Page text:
In High School I would walk up to get a Kleenex, even when I didn’t have a runny nose.
On the rare day that I didn’t exercise as a kid, it was hard to fall asleep at night.
I started stripping wallpaper in our master bathroom 16 months ago, it’s 25% finished.
There is no Professor in the entire world that could keep my attention for the duration of a Tuesday/Thursday college class.
I’ve never even attempted to watch the Lord of the Rings movies because the sheer fact that they are 3 hours long makes them impossible for me to sit through.
I currently have 10 tabs open on my internet browser.
I finish other people’s sentences frequently. (whoops)
I have Attention Deficit Hyperactivity Disorder (ADHD).
I’ve been diagnosed with this since High School. I’ve had seasons of my life where I was medicated, some when I wasn’t.
I’ve never viewed my ADHD as a detriment. I wasn’t taught by my parents that I was broken or less than as a result of this diagnosis. If anything, it’s my superpower because once I do FINALLY get focused in on something, watch out because it’s happening at twice the focus and determination of a normal person.
But after spending 8 years in public education and being a private tutor for the past 3 years, I’ve learned that most people have a completely different perception of ADHD.
The conversation around ADHD needs to change.
I have had multiple calls from prospective tutoring clients that are mind-boggling to me. There are so many parents that see their ADHD child as academically broken. Or worse yet, incapable.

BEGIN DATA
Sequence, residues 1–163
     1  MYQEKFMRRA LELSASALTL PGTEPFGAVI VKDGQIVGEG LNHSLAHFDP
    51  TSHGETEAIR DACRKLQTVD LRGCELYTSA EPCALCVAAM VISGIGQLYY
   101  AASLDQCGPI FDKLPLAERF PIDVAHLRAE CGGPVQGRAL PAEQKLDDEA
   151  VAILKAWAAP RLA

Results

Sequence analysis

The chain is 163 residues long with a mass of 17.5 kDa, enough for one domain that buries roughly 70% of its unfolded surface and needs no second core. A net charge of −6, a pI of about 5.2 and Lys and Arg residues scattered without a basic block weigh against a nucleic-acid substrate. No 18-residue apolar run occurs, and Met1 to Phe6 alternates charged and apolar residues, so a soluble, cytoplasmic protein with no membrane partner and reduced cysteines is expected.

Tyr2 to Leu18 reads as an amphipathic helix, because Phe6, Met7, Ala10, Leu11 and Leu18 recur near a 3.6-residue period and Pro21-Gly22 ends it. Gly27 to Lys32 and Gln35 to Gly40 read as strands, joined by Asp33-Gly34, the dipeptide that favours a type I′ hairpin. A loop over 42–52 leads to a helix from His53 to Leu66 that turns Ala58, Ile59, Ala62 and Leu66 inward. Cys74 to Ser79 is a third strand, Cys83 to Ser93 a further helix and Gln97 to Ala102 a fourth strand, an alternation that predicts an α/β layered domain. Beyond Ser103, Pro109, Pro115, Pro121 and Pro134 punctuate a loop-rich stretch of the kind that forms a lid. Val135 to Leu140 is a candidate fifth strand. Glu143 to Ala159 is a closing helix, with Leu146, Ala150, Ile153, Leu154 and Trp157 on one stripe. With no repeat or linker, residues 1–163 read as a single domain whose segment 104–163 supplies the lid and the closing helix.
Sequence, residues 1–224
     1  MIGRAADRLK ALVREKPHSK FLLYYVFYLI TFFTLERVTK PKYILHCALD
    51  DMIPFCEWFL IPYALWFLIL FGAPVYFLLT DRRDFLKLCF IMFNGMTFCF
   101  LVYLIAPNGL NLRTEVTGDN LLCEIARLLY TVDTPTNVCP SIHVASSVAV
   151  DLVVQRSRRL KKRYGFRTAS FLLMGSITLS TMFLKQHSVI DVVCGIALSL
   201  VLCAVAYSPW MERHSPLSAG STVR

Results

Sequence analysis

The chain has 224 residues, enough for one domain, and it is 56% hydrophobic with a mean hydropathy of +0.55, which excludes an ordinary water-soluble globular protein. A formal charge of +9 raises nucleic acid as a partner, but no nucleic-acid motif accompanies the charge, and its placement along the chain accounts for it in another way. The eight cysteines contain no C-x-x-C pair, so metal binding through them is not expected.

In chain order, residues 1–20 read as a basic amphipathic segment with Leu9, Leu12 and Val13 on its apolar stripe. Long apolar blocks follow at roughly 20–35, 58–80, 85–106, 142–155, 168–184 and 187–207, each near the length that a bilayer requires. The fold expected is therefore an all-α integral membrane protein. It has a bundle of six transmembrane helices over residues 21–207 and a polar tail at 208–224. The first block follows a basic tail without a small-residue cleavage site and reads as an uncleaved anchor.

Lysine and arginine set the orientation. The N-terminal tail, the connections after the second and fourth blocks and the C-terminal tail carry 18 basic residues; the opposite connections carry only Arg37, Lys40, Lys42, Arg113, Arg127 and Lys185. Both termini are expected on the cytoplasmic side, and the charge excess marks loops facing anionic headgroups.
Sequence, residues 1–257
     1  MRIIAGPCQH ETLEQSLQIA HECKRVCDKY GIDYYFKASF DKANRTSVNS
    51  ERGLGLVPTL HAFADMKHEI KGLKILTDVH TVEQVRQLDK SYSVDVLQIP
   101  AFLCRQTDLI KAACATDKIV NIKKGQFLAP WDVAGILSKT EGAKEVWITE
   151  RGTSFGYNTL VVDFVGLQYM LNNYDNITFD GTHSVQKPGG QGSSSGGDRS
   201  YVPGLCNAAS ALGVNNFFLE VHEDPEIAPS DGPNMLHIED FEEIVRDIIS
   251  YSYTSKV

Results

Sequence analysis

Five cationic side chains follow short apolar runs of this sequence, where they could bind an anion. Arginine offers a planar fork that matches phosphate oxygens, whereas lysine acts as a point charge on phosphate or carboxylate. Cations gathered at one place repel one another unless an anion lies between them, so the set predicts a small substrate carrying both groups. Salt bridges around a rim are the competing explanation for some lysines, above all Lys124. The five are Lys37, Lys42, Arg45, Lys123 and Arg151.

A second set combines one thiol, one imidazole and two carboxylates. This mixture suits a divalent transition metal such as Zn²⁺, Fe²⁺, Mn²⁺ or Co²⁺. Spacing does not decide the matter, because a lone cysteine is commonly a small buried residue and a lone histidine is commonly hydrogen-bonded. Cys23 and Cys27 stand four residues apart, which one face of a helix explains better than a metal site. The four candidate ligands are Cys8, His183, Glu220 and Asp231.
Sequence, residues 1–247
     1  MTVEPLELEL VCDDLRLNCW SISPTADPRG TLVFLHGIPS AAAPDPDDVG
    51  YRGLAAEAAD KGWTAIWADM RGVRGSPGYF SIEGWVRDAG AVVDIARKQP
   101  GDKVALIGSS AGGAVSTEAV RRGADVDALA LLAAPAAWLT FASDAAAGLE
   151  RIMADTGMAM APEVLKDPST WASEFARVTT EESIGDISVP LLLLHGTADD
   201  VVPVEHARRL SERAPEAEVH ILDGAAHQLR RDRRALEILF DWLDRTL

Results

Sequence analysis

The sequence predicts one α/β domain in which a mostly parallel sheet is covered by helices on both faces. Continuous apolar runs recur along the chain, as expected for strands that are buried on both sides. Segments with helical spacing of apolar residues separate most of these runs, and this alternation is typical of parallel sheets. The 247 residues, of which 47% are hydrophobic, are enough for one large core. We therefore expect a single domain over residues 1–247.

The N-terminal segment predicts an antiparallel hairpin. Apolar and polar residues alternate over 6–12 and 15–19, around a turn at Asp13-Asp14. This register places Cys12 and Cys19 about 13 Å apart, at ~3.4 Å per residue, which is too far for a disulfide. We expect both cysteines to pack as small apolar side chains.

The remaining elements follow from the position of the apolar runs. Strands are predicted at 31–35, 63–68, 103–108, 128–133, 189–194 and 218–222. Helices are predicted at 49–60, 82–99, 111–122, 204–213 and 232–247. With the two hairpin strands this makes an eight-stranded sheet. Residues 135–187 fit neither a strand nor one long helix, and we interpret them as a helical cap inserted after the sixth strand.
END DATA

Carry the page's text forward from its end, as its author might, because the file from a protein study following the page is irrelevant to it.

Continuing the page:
So as a functioning adult with a Master’s Degree who contributes to society, this is what I want to tell parents of ADHD children, those who think their child may have ADHD, or maybe parents that have realized that they have it themselves.
- ADHD doesn’t make someone dumb. Bottom line. Hard to focus? Yes. Hard to sit still? Yes. Low IQ? Absolutely not. Incapable of academic success? Nope.
- Medicating your child is not going to ruin them. I took medicine in HS and College (Ritalin) and in the past few months I have gotten back on medication at the ripe old age of 33. I’m not addicted to it. I didn’t take anything during the 6 years of my life that I was either pregnant or nursing a child but now that I’m on something again, I’m pretty much superwoman.
- Being active is going to be the best self-medication you ever do. You have to burn that extra energy off somehow. So encourage your child (or yourself) to be active. Run, play sports, go on walks, get a trampoline, etc.
- Stop apologizing for having ADHD. It’s just how some people are wired. Let them be fully themselves, even if it’s a little intense for the average bear. Teaching your child to be confident in who they are is the best lesson they will walk out of your house with one day. No one looks back on their life and wishes they’d changed who they are.
- All bad behavior is not because of ADHD. I am perfectly capable of making bad choices all on my own and they have nothing to do with my inability to focus well. So don’t use ADHD as a scapegoat for your child acting a fool, sometimes people just act like fools and you don’t need a medical reason for it.
So next time someone says, “oh, they have ADHD” in a negative tone, set them straight.
***Disclaimer: I’m not a medical professional, just a person who has lived with this disorder for most of my life.